RM of Buckland reeve Don Fyrk wasn’t surprised by Prince Albert city council’s decision to start charging non-residents to use indoor and outdoor City-owned facilities, but he was disappointed.
Fyrk said the City has been “hinting at this for years” before council voted in favour of it at budget meetings on Thursday. However, he said that doesn’t make it any less frustrating.
“I don’t know why they think the RM should be responsible for their debts,” Fyrk said. “I really don’t. There’s extra monies they want to tack on for people who are outside this city, like a user fee, but the sad thing about the whole thing this is a lot of people who live in the RMs have properties in the city, (and) they have businesses in the City.”
The motion approved at Thursday’s meeting will see non-residents pay a $150 fee for indoor facilities, and a $75 fee for outdoor facilities. The motions are subject to review by administration. The City intends to implement the fees in 2024.
In a press release on Thursday, Mayor Greg Dionne said Prince Albert operates first class facilities and programs, but they come at a cost, and the RMs need to help.
“We have attempted to work with the RMs in the past to discuss funding support for recreation facilities that their residents benefit from,” Dionne said. “Unfortunately, we did not receive a commitment so we are pursuing other options to protect the interests of our taxpayers who fund these facilities. We remain open to discussions from the RMs if they are interested.”
Fyrk said RM residents make up a small minority of facility users, while contributing in other areas like support for local businesses. He said they’re being blamed for a problem them didn’t create.
“I think we’re being scapegoated,” he said. “This isn’t going to hurt the RMs one little bit. All it’s going to do is hurt the kids, because a lot of families, they budget very close, especially in inflation times right now.”
“It doesn’t make any sense,” he added.
Fyrk also said the RM of Buckland has no intention of reciprocating and charging Prince Albert residents a special fee to use their facilities. However, he would like to see more cooperation going forward.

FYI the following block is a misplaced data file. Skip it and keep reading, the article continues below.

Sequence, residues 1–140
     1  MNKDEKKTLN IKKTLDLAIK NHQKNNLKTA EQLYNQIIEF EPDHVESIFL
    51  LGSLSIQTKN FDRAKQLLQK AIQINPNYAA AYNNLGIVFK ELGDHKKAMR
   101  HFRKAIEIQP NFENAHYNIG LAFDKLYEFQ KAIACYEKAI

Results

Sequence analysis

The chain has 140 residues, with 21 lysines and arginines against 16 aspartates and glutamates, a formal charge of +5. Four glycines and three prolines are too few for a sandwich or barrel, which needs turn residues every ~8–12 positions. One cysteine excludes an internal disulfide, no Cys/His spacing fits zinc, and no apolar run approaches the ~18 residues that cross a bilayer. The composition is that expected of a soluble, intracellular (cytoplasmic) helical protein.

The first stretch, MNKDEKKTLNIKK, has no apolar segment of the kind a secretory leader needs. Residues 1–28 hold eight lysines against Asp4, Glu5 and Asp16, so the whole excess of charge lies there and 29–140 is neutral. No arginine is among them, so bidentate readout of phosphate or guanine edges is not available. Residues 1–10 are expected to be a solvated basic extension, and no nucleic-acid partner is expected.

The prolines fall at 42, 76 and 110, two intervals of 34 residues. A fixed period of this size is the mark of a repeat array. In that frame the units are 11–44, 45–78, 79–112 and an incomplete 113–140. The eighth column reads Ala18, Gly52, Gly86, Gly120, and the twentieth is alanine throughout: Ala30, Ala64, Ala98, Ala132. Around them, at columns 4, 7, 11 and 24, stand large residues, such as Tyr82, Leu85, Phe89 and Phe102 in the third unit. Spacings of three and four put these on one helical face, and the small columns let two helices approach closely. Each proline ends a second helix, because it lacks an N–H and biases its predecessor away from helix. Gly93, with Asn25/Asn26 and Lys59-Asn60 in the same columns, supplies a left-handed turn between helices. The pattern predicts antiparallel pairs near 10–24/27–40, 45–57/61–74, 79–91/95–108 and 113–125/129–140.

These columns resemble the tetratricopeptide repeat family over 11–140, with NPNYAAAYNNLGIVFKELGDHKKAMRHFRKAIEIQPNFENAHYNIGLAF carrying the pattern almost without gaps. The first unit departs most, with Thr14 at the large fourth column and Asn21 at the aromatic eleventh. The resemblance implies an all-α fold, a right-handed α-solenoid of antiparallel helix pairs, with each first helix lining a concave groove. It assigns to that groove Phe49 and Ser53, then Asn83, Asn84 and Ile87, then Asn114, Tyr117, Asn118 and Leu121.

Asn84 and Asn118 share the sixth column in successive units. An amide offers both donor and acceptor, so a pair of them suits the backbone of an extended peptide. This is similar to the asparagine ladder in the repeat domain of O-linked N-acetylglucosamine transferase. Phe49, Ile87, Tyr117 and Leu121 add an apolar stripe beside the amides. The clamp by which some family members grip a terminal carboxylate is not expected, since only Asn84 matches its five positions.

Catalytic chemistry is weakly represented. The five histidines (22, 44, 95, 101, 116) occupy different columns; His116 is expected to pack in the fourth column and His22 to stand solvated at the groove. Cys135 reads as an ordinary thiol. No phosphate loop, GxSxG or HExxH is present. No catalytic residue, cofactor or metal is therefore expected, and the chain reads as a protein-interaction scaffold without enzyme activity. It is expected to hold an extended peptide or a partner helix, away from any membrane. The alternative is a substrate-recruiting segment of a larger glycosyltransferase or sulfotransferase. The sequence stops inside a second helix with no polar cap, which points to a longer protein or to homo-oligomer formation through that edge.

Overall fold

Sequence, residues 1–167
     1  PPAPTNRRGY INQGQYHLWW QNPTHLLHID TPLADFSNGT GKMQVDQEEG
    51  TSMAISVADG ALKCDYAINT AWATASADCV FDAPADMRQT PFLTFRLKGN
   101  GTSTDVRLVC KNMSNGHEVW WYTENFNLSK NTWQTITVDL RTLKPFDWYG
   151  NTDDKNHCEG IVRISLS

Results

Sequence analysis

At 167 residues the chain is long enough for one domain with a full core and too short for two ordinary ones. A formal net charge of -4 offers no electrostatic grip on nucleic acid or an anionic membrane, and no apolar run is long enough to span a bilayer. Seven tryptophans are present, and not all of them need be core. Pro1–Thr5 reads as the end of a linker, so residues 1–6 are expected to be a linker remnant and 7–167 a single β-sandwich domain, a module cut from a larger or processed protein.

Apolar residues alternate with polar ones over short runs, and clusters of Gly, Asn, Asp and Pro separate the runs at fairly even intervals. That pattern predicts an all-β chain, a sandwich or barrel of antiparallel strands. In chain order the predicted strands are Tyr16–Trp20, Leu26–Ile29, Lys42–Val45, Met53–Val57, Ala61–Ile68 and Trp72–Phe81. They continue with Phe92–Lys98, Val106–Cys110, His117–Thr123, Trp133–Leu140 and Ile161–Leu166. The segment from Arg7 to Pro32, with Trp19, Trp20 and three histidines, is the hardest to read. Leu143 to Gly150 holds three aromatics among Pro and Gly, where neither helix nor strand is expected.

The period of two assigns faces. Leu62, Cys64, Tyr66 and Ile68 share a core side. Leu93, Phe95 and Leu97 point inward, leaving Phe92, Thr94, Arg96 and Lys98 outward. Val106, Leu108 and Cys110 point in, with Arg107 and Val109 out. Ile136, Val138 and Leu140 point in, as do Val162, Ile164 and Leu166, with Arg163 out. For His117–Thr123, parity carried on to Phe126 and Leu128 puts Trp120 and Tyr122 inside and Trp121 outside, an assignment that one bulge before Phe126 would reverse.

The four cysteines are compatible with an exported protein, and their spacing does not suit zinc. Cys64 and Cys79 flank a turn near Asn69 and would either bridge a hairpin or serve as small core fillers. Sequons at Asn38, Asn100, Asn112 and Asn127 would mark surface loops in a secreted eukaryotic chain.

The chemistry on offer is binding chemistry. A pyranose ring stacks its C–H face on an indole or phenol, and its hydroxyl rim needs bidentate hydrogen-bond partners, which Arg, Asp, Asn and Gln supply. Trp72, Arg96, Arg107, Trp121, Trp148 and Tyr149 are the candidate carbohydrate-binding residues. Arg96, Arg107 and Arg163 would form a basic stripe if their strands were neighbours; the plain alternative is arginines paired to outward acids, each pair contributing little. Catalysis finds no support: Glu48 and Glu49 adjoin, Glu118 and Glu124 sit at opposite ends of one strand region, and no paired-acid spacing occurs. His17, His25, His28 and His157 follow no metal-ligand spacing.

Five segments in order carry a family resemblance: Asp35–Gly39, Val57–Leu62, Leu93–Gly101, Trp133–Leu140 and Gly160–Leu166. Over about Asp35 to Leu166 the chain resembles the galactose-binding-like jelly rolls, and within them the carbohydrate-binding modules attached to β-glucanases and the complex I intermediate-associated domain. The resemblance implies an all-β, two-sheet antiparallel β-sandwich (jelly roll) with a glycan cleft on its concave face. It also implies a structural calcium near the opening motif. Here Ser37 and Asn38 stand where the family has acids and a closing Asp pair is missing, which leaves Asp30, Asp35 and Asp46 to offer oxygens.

If the City wants the RMs to contribute, he said, they should discuss funding before a new facility is built.
“If they want partners in a project, why weren’t we included right from the ground level,” he said. “You don’t start building something and then come in yelling and screaming and telling (RMs) you want user fee money from everybody. That’s not right.
“We’ve got hockey teams coming out here from the City to play in our rink. Do we start billing them too? I don’t think that’s fair,” he said. “A lot of people come out of the City to use our facilities our here in the bush—do a little bit of quading and motorbiking and all that. Do we track them down and give them tickets…? I don’t think so.”
City council passed a 2024 budget with $2.55 million in spending that will require a property tax increase to cover. Dionne said the City faces crisis in homelessness, policing, and social issues, and it costs a lot of money to address those challenges.
“We are simply not supported enough and particularly in Prince Albert where we face unique circumstances,” Dionne said. “We continue to work with the provincial government to discuss what options are available to increase support.”
In 2024, the City of Prince Albert will pay $6.58 million to operate recreation facilities and programs.